The officer will activate the overhead lights on the patrol vehicle. At this time, please pull over safely, roll down the vehicle’s front windows, and during nighttime hours, turn on the vehicle’s interior lights.
a. What should I expect if I am stopped?
It is important to realize that the officer will expect you to stop the vehicle as soon as you safely can. The officer is required to be and will be courteous and polite, and will ask you a few questions during the stop.
The officer will state their name, the department where they work, and ask for your driver’s license, proof of insurance, and proof of registration. After the officer has your credentials, he will explain the reason for the stop. For your safety, please stay in the vehicle at all times. Depending on the time of day and the location, traffic can be busy and the safest place is in your car. The officer is trained on how to conduct a safe motor vehicle stop and how to safely be out of the patrol vehicle.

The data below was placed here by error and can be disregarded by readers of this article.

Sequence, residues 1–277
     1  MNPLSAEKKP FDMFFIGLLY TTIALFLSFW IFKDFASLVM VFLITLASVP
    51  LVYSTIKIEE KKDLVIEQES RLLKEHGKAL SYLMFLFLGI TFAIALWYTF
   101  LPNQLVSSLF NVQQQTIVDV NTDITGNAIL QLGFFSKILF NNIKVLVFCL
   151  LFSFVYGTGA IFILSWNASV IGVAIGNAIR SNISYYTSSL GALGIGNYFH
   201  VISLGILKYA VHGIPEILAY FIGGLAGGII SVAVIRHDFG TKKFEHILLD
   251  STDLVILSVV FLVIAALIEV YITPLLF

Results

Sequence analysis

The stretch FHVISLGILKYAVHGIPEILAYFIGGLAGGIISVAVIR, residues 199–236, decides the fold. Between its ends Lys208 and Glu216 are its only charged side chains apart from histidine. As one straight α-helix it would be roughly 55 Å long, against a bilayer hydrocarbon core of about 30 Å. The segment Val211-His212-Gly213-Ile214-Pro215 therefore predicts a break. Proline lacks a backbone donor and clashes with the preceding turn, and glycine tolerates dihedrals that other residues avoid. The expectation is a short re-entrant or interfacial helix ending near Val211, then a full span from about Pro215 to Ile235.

If you cannot find a requested document before the officer goes back to his vehicle and then find the document, please hold it out of your driver side door window. The officer or back up officer will come and retrieve it from you.
b. What should I do if I am stopped?
Be calm and if it is at night, illuminate your vehicle interior with your dome light. Refer to your constitutional rights for further information. Just as we require our officers to be courteous, we ask for you to be polite and courteous also.
Remember, you have to answer pertinent information but do not have to incriminate yourself. It is best to be honest in answering questions, as deliberately giving false information to the officer can result in more summonses being issued.